John Biddle (Unitarian)

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John Biddle or Bidle (14 January 1615 – 22 September 1662)[1] was an influential English nontrinitarian, and Unitarian. He is often called "the Father of English Unitarianism".[2][3]


Biddle was born at Wotton-under-Edge, Gloucestershire. He studied at Magdalen Hall, Oxford, taking an M. A. in 1641.[4] At the age of 26, he became headmaster of the Crypt Grammar School, Gloucester. The school had links to Gloucester Cathedral, and since he was obliged to teach his pupils according to the Catechism of the Church of England, he immersed himself in the study of the Bible. He concluded from his studies that the doctrine of the Trinity was not supported by the Bible, and set about publishing his own views on the nature of God.[4]

He was imprisoned in Gloucester in 1645 for his views,[4] but released on bail. He was imprisoned again by Parliament in 1646 and, in 1647, while he was still a prisoner, his tract Twelve Arguments Drawn Out of Scripture was published. Henry Vane defended Biddle in the House of Commons, and he was released on bail in 1648.[2][5] After a short while he was again imprisoned, in Newgate, where he remained until amnestied by the 1662 Act of Oblivion.[4] Biddle and the MP John Fry, who had tried to aid him, were supported by the 1649 Leveller pamphlet Englands New Chaines Discovered.[6] Biddle was strongly attacked by John Owen,[citation needed] in his massive work Vindiciae Evangelicae; or, The Mystery of the Gospel Vindicated and Socinianism Examined.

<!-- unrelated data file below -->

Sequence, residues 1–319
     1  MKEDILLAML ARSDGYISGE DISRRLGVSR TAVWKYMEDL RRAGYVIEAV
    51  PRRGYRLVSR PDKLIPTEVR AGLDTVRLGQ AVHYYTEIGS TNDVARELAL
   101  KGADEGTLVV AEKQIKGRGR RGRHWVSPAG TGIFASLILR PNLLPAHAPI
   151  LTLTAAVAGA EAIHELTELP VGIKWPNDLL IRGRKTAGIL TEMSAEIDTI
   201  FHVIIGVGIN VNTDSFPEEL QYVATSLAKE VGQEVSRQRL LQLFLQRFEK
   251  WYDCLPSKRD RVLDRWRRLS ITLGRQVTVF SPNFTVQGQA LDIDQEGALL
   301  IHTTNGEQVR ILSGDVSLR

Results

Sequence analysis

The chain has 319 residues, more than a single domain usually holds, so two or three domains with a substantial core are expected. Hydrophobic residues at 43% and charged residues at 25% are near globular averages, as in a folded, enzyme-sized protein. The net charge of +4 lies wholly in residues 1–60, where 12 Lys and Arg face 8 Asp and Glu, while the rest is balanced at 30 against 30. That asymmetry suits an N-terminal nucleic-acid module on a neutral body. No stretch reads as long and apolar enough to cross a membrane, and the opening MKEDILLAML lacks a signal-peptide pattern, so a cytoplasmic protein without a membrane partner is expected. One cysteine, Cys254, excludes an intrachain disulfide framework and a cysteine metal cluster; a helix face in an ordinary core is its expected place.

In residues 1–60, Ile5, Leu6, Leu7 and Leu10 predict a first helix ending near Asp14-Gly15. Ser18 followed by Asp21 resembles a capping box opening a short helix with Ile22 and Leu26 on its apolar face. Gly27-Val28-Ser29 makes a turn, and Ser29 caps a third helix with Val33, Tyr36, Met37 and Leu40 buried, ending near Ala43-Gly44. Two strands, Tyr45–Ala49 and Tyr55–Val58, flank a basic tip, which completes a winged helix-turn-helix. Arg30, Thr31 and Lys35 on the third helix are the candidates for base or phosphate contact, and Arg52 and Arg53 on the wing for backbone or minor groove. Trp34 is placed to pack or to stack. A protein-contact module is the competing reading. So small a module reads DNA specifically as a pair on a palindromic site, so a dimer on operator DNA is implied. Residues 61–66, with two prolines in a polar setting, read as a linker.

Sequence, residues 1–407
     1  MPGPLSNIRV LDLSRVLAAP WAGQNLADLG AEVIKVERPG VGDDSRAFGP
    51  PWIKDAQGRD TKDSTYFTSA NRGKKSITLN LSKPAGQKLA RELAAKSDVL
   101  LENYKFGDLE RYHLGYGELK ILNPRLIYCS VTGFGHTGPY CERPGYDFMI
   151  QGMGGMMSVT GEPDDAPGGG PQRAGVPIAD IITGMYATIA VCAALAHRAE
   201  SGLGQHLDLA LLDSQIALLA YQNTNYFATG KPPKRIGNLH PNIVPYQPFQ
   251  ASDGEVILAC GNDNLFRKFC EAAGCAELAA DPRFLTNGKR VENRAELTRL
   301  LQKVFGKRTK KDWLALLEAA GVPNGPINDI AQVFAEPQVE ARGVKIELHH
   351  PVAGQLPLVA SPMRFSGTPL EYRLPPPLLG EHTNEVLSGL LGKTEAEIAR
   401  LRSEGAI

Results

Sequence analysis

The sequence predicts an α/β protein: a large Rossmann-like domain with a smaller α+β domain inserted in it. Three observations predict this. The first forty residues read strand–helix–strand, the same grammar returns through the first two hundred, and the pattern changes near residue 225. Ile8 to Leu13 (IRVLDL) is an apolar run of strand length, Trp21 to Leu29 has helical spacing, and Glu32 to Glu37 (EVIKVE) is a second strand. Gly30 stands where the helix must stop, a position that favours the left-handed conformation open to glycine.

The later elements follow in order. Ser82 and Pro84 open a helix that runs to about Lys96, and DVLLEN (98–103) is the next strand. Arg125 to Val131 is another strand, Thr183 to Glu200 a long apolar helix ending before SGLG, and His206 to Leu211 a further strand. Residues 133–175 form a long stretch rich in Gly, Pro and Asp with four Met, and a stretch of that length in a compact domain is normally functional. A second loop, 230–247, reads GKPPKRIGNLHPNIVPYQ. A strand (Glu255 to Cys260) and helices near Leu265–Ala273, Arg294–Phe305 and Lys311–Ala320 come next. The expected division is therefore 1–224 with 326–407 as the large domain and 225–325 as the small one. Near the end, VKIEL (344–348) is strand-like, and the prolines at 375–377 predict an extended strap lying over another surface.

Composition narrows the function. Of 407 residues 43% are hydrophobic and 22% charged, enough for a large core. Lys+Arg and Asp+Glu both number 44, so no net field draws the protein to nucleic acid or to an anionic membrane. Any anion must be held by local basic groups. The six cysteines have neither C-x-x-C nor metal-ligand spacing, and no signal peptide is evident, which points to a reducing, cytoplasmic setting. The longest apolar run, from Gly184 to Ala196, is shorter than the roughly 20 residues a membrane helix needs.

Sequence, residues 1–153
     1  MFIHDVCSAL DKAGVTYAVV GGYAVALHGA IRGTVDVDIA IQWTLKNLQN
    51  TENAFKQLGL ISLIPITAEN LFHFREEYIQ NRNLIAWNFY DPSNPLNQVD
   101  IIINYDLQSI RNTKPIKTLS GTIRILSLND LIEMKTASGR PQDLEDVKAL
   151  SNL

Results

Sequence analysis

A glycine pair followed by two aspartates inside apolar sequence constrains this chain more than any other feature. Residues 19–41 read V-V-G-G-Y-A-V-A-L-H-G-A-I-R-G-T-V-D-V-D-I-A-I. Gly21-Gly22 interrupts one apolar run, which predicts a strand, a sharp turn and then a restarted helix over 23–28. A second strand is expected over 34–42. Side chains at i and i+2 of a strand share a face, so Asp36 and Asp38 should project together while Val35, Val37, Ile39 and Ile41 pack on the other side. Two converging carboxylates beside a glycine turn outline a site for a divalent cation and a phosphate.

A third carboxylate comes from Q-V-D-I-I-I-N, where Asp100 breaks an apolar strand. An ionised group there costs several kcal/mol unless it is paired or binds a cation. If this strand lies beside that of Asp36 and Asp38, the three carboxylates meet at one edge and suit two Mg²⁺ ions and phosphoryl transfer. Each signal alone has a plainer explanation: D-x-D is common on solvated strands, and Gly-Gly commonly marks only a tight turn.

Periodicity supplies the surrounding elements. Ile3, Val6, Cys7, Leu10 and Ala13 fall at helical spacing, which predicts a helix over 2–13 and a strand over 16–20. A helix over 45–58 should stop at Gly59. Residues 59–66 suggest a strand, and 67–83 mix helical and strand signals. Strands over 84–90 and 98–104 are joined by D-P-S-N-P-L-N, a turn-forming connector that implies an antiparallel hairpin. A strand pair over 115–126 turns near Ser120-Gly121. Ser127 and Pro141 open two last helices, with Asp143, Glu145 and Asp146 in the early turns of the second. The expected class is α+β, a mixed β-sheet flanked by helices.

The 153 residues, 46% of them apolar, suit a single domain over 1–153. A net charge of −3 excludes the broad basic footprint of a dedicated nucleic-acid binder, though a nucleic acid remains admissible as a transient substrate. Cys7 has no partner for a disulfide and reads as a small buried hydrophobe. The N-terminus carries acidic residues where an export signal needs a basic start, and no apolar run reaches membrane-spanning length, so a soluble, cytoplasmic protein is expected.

He was again in trouble with the Parliament of 1654–55, which ordered his book A Two-fold Catechism seized.[7] Motions were made against Biddle as a part of the Commons’ debate on the Instrument of Government's provisions for religious liberty. They marked the moment when the house's attempts to suppress sectarian radicalism faltered.[note 1] Parliament was dissolved in January 1655, which ended the proceedings against Biddle, and he was released in May of that year. Biddle found himself in trouble only weeks later when the City Presbyterians decided to prosecute him using the Blasphemy Ordinance of 1648. This scared the sects (especially the Baptists) who, seeing a worrying precedent that could lead to them also being prosecuted, then rallied to his side. Oliver Cromwell exiled him to the Scilly Isles, out of the jurisdiction of any hostile English Parliaments. By exiling Biddle, Cromwell avoided a test case that could have put significant numbers of the sects at risk of prosecution.[9] He was released in 1658.[10] He was imprisoned once more, and became ill, leading to his death.[4] His body was "conveyed to the burial place joyning to Old Bedlam in Moorfields near London, was there deposited by the Brethren, who soon after took care that an altar monument of stone should be erected over his grave with an inscription thereon."[11][12]

A biography of Biddle by Joshua Toulmin was published in 1789.[13]


He is believed to have translated the Polish Racovian Catechism into English.[14]


He denounced original sin,[15] denied eternal punishment,[16] and translated a mortalist tract.[17] He condemned the Ranters.[18] He affirmed that the Bible was the Word of God and his Christology appears to be Socinian, denying the pre-existence of Christ but accepting the virgin birth.[19] Biddle's denial of the pre-existence of Christ was the main target of works including Puritan theologian John Owen's A Brief Declaration and Vindication of the Doctrine of the Trinity (1669).[20]